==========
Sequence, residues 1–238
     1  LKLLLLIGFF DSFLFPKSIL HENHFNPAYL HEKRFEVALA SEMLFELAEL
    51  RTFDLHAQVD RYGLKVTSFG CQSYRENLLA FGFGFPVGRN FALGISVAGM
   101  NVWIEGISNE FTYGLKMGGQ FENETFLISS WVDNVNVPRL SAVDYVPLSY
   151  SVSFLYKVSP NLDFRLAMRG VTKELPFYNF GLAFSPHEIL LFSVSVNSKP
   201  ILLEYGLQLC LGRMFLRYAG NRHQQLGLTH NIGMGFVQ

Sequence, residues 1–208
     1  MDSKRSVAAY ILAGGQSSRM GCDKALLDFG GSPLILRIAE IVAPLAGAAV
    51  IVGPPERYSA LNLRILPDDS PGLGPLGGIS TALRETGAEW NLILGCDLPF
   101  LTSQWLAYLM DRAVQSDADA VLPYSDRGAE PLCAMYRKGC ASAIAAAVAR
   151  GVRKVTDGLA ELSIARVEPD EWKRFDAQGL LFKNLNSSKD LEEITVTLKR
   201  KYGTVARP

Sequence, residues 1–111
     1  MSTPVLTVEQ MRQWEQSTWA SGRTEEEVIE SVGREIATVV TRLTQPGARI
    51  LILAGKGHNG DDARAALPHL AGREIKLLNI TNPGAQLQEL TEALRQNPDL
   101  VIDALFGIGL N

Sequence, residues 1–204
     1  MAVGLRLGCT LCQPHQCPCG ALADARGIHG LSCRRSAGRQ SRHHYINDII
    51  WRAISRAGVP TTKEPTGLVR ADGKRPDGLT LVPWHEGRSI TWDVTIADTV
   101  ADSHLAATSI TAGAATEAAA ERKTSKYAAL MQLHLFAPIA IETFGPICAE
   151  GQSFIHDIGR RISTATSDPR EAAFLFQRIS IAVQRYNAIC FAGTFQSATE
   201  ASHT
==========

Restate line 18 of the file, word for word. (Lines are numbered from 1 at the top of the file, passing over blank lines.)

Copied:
     1  MAVGLRLGCT LCQPHQCPCG ALADARGIHG LSCRRSAGRQ SRHHYINDII